NASA procedures also dictate that astronauts may shelter in their return spacecraft if the hazard, typically a very tiny one in statistical terms, brings a chance of needing to evacuate the ISS. This happened, for example, after Russia deliberately destroyed a satellite in November 2021 as part of a surprise anti-satellite test that other countries (including the United States) condemned.

The new NASA update did not specify how close the satellite pieces came to the ISS. LeoLabs stated the debris event it was monitoring released fragments between 9:05 a.m. EDT (1305 GMT) and 8:51 p.m. EDT Wednesday (0051 GMT Thursday, June 27).

Related: NASA confirms space debris in North Carolina was from SpaceX Crew Dragon reentry

The International Space Station captured from a HEO Robotics satellite on May 13, 2024. (Image credit: HEO Robotics)

The incident illustrates what NASA officials have been emphasizing about the Boeing Starliner spacecraft, which is more than three weeks into what was expected to be a 10-day Crew Flight Test mission. Starliner is on a test mission with two astronauts and is authorized to leave the ISS in case of emergency. (The other two crewed spacecraft docked to the ISS are a SpaceX Dragon carrying four astronauts, and a Russian Soyuz with three people on board.)

Starliner's nominal departure date, however, has not yet been released pending the review and testing of its thruster systems and helium supply because problems with these two aspects of the spacecraft were discovered on June 6. NASA Starliner astronauts Butch Wilmore and Suni Williams are now on ISS maintenance duties after performing that testing, according to several NASA updates on the space station blog. NASA officials did not respond to a Space.com request for a Starliner update sent in the early afternoon EDT on Wednesday.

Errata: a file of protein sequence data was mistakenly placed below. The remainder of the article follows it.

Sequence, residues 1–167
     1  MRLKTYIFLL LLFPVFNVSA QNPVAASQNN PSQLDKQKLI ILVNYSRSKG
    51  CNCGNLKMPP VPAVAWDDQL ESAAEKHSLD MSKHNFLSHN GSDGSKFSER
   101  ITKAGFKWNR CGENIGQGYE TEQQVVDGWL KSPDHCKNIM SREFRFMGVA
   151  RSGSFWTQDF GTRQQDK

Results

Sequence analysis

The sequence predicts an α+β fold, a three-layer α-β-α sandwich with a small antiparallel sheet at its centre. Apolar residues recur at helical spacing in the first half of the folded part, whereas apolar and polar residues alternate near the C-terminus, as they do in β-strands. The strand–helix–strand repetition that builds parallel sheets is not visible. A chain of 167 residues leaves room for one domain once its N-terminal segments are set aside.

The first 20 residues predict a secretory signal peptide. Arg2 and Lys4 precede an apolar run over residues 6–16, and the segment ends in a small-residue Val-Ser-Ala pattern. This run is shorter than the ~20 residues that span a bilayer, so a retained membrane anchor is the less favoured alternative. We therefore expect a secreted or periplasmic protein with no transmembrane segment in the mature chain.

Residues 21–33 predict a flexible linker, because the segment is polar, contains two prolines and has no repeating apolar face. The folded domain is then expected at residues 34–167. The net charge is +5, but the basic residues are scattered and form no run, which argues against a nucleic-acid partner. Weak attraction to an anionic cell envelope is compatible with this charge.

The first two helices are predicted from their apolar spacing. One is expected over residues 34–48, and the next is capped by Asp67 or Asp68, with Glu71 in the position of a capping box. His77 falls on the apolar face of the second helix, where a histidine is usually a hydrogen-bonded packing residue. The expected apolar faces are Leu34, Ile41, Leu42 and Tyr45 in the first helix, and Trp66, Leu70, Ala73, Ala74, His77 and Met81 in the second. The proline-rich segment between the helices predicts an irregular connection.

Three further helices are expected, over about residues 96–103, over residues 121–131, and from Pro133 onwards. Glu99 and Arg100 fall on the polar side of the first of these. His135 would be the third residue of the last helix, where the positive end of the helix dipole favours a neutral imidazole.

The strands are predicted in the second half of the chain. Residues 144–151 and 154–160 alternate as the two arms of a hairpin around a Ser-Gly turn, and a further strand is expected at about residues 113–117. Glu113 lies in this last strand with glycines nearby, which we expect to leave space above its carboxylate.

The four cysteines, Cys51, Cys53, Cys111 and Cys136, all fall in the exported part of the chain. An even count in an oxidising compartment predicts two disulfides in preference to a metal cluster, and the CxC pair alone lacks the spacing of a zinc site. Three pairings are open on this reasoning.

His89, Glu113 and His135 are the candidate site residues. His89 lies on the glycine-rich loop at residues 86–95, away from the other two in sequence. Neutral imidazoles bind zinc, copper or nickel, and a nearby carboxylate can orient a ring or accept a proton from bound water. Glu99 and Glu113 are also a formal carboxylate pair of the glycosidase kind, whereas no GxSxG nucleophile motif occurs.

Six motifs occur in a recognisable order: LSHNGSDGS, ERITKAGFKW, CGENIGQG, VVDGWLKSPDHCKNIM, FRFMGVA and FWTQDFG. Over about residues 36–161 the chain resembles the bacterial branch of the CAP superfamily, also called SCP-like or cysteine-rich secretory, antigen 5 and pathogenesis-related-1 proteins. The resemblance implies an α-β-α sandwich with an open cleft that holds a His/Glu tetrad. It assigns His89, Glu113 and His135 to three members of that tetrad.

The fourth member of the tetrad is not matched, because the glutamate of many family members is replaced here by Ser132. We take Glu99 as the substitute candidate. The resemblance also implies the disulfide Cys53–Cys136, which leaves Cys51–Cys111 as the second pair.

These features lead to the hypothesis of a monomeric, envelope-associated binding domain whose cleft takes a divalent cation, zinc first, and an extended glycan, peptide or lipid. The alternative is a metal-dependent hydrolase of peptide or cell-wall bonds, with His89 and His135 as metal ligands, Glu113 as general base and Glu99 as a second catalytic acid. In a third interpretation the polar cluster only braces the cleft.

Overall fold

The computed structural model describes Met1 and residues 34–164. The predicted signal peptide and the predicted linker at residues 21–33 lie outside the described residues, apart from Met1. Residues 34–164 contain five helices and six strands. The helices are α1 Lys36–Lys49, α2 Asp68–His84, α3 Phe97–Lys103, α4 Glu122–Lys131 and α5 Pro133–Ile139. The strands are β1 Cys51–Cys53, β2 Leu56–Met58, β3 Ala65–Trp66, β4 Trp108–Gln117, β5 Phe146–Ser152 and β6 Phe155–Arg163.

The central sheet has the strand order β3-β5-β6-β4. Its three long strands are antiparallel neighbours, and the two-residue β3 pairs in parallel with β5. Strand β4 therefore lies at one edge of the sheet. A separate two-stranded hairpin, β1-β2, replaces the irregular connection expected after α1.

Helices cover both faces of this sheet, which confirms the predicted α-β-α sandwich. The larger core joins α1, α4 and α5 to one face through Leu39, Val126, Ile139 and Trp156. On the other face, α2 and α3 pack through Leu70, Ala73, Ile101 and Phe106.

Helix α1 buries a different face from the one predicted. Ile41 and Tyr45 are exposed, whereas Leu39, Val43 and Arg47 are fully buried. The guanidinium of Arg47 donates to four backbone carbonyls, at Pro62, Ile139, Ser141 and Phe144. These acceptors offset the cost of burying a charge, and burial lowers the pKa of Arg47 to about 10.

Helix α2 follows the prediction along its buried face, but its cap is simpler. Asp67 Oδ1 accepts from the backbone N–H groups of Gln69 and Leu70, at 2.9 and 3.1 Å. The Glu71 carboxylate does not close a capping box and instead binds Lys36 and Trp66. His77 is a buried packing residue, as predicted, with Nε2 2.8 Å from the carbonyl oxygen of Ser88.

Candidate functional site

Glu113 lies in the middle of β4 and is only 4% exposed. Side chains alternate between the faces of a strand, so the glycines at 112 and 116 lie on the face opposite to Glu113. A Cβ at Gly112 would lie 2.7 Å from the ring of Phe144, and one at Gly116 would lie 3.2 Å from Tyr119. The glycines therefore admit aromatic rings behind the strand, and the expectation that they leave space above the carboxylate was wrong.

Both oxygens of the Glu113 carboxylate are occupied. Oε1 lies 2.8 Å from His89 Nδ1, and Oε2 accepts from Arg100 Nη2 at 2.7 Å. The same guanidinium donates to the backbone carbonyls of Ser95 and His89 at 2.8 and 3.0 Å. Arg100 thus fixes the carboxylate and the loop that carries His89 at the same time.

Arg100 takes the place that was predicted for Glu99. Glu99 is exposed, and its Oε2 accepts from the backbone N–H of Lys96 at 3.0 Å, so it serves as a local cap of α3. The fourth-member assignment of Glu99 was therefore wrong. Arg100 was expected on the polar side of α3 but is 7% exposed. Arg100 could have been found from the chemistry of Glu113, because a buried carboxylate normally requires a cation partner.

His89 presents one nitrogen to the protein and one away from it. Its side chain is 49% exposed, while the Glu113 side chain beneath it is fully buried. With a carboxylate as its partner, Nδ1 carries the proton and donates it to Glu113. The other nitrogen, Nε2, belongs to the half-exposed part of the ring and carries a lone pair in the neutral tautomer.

Boeing Starliner docked to the International Space Station during Crew Flight Test in June 2024. (Image credit: NASA)

On Friday (June 21), NASA said the departure of Starliner will be sometime after July 2, following an expected spacewalk on that day. But it is also unclear if that spacewalk will proceed as a coolant leak halted extravehicular activity on Monday (June 24). ISS astronauts subsequently performed a "spacewalk review", NASA officials have said, and have been reviewing procedures and examining the affected spacesuit in the days since.

Boeing and NASA officials have said that developmental missions such as Starliner often fall outside planned schedules due to the unexpected. And Starliner's Atlas V rocket provider United Launch Alliance, a joint venture between Lockheed Martin and Boeing, provided a positive update to reporters yesterday (June 26) during an unrelated teleconference about future launches for ULA's new Vulcan Centaur rocket.

"They're all safe and sound," ULA CEO Tory Bruno told reporters during the teleconference. He was speaking about the Starliner crew, who are both former U.S. Navy test pilots used to developmental programs.